CAIRO - Praising religious freedoms and respect of minority rights in the world's most populous Muslim country, British Prime Minister David Cameron said Wednesday, April 12, that Indonesia gives an example that Islam and democracy are compatible.
"What Indonesia shows is that in the world's largest Muslim-majority country, it is possible to reject this extremist threat and prove that democracy and Islam can flourish alongside each other, Cameron said in a speech to students at Al-Azhar University in Jakarta cited by the London Evening Standard.
"That's why what you are doing here is so important, because it gives heart to those around the world who are engaged in the same struggle."
Cameron, who arrived in Jakarta on Wednesday on his last leg of an Asian trip, said some extremists were trying to show that Islam promotes authoritarianism.
"Let me be absolutely clear: I am not talking about Islam. Islam is a religion observed peacefully and devoutly by over a billion people," said Cameron, who met with President Susilo Bambang Yudhoyono in Jakarta as part of efforts to deepen links with Indonesia's fast-growing economy
"And let me also be clear: extremism is not only found among Muslims.
"But there is a problem across the globe with Islamist extremism which is a political ideology supported by a minority.
The British premier said some extremists were seeking to impose a radical view on their society to exclude all others.
"And this total rejection of debate and democratic consent means they believe that democracy and Islam are incompatible, he said.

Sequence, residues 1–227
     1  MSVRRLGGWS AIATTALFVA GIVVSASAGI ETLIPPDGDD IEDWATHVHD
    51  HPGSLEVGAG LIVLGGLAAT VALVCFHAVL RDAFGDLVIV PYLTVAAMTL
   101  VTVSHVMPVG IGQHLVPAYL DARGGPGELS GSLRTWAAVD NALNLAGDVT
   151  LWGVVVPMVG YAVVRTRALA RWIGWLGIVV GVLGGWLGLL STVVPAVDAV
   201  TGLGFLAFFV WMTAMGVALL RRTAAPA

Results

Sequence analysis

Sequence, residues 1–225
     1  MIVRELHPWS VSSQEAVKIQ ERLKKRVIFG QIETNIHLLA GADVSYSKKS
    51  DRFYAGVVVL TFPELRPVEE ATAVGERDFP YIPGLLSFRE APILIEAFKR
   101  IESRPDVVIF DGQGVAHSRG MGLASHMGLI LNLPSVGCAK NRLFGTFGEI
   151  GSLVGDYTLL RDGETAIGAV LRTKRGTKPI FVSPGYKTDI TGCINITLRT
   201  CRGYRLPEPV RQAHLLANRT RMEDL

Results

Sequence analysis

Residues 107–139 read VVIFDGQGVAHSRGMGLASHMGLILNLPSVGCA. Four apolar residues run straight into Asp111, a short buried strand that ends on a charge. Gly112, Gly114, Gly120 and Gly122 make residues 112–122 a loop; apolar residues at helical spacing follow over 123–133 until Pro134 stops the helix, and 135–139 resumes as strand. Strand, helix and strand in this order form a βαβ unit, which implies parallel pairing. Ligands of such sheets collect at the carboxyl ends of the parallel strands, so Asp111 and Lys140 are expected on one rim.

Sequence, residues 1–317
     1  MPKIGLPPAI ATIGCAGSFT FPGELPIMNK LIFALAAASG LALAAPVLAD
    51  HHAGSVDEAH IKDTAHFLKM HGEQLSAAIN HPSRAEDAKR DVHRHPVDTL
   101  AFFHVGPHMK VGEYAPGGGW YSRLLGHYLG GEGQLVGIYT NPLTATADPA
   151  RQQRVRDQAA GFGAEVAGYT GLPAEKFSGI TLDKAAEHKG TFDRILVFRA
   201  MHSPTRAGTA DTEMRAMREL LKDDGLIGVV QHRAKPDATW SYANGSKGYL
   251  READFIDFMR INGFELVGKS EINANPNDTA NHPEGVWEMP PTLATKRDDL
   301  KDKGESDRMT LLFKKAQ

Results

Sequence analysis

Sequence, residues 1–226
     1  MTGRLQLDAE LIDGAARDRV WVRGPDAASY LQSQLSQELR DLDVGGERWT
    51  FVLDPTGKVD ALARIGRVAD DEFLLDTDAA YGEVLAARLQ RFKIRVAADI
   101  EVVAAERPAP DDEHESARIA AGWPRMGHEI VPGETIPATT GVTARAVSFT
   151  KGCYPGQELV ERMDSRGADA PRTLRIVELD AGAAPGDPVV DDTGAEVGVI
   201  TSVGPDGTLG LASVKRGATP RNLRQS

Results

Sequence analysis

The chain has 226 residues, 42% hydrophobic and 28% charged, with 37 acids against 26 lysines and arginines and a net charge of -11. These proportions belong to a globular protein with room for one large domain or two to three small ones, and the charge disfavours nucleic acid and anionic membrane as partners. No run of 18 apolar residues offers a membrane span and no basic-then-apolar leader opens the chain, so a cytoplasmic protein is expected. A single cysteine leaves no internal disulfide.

"From Afghanistan to Iraq and from Bali to London, we have seen all too often that this extremism feeds prejudice, persecution and dreadful acts of terror and violence.
"These extremists try to turn Islam into a closed and warped ideology that is opposed to democracy.
Indonesia is the world's most populous Muslim state with Muslims making up around 85 percent of its 237-million population.
Christians, both Protestants and Catholics, make up nearly 12 percent of the country's population.
Cameron believes that the rise of Islamist groups to power through elections promotes the view that Islam and democracy are compatible.
"In Egypt, it is vitally important to ensure that the democratic success of the Muslim Brotherhood's party strengthens democracy and does not in the end undermine it, he said.
The Brotherhood's Freedom and Justice Party won most seats in Egypt's first parliamentary election since the ouster of president Hosni Mubarak last year.
The Brotherhood, which was suppressed under Mubarak, is also fielding a candidate to Egypt's presidential election, set for May.
"The choice of the Egyptian people must be respected and we must all be ready to work with the government that the Egyptian people elect, Cameron said.
"But at the same time we will demand that in pursuing their political views the elected government is not denying the rights of citizenship to those who do not share their specific religious views.
"So the world will expect them to live up to the commitments they have made to protect the rule of law for all citizens to defend the rights of the Coptic Christians and minority groups and to accept that democracy means they will be held accountable in the courts and that they should not pervert the democratic process to hold on to power, should the will of the people change."The Muslim Brotherhood has repeatedly stressed abidance by democratic principles and respect of rights of minorities.